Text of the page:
The Wallace Collection

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Gold Snuff Box, Berlin, c.1760
Fig.1, detail of the back of G81, The Swoon of Armida after Charles-Antoine Coypel.
Fig.1, detail of the back of G81, The Swoon of Armida after Charles-Antoine Coypel.
Fig.2 © Trustees of the British Museum
Fig.2 © Trustees of the British Museum
Treasure of the Month - November 2010

Gold Snuff Box, Berlin, c.1760

This glitzy, diamond-covered box certainly attracts attention.   Imagine how the gold and diamond decoration would have sparkled across the crowded room in the candlelight, catching the eyes of those around.                                         

Snuff,  introduced into European society from the Americas as the powdered leaf form of tobacco, became popular with all levels of society, men and women alike. Such was the fashion for snuff that, by the mid-18th century, a market had developed for elaborate containers for wealthy consumers.

The enamelled scenes are taken from the late-16th-century epic poem Gerusalemme Liberata, by Torquato Tasso, which tells a heroic story of battle and love during the First Crusade.  The enchantress Armida tries to kill the great crusader knight Rinaldo, but instead falls in love and bewitches him.

Tasso’s poem was hugely successful throughout Europe and over the next two centuries was a frequent source of inspiration for artists, composers and playwrights.  In 1724 J.-B. Mirabaud's French prose translation of the poem sparked a revival of interest and was a best-seller across Europe, including Germany, where French was commonly spoken by well-educated people. This renewed literary and artistic respectability made Gerusalemme Liberata an acceptable theme for history painting in Paris in the 1730s. The scenes on the back The Swoon of Armida (Fig.1) and front The Sleep of Rinaldo are after designs for tapestries intended for Versailles by Charles-Antoine Coypel (1694-1752). The image on the cover depicting Rinaldo, reclining in Armida’s arms, holding a mirror before her is taken from an engraving by Nicolas Château after a drawing by Louis de Silvestre (1675-1760) in the British Museum (Fig.2). A later painted version of the same subject was formerly in Dresden where de Silvestre was head of the Academy of Painting from 1727-48. In Berlin, where this box was made, the poem was also the basis for Carl Heinrich Graun’s successful opera L’Armide, first performed in 1751.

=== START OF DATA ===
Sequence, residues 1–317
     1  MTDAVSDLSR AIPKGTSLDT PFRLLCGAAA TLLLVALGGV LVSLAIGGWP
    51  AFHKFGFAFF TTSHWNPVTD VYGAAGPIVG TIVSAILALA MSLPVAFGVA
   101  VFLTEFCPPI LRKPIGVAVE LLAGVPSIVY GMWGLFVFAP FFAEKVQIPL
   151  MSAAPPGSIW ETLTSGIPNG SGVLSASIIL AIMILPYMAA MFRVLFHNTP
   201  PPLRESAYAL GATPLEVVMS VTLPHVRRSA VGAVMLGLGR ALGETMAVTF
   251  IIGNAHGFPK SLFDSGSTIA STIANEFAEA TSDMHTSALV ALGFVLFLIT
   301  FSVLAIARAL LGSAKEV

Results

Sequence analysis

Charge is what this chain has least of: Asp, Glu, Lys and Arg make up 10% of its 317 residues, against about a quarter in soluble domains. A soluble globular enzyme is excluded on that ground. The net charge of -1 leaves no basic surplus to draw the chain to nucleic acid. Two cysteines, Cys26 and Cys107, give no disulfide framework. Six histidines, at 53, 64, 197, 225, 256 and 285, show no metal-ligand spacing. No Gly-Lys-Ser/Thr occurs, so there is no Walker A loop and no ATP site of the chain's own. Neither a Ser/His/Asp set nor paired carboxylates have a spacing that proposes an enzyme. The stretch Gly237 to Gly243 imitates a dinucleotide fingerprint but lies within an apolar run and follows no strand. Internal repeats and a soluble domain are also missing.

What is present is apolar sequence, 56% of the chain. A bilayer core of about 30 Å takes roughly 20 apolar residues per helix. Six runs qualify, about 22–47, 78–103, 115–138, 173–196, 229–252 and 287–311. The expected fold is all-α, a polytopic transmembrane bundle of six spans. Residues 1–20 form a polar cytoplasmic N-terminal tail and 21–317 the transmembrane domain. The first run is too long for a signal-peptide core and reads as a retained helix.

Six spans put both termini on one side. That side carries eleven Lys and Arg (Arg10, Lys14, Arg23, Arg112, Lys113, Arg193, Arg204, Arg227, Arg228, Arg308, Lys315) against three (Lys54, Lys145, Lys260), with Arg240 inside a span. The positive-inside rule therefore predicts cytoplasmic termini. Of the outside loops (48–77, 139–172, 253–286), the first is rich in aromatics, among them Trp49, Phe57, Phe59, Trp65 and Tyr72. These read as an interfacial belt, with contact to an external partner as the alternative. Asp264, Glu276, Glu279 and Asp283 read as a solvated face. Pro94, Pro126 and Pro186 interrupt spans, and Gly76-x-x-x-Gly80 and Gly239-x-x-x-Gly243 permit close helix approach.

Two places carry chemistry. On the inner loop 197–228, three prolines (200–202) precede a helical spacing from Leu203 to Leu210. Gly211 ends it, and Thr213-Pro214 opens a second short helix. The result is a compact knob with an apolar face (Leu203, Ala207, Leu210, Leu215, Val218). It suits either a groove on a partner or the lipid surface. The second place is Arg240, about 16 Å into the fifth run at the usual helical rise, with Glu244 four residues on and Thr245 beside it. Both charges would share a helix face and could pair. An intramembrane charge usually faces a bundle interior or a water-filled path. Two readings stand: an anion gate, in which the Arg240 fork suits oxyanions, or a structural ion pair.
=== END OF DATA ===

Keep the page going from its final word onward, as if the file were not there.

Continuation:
It is thanks to recent research on collections of 18th-century gold boxes, including Charles Truman’s work for the forthcoming Wallace Collection Catalogue of Gold Boxes, that German goldsmiths’ work has become better understood. German boxes were rarely marked, meaning that attributions often have to be based on style.  In this box the gold strapwork and lapis blue ground compares to another Berlin box shown here (G76, Shelf 5 of the Boudoir Cabinet) and is similar to another in the Gilbert Collection at the V&A, signed ‘Baudesson à Berlin’.

Bought by Sir Richard Wallace, in 1872 for 350 guineas, from the collection of Empress Eugénie of France (1826-1920) who was forced to sell many of her works of art after her husband, the Emperor Napoléon III, was overthrown in 1870.

Gallery Talks

Tuesday 2 and 16 November with Rebecca Wallis.

Further Reading

  • Somers Cocks, Anna and Truman, Charles, Renaissance jewels, gold boxes and objets de vertu : the Thyssen-Bornemisza Collection, Sotheby Publications, London, 1984.
  • Truman, Charles, The Gilbert collection of gold boxes, Los Angeles County Museum of Art, 1991.

 © Trustees of the Wallace Collection 2010. Text by Rebecca Wallis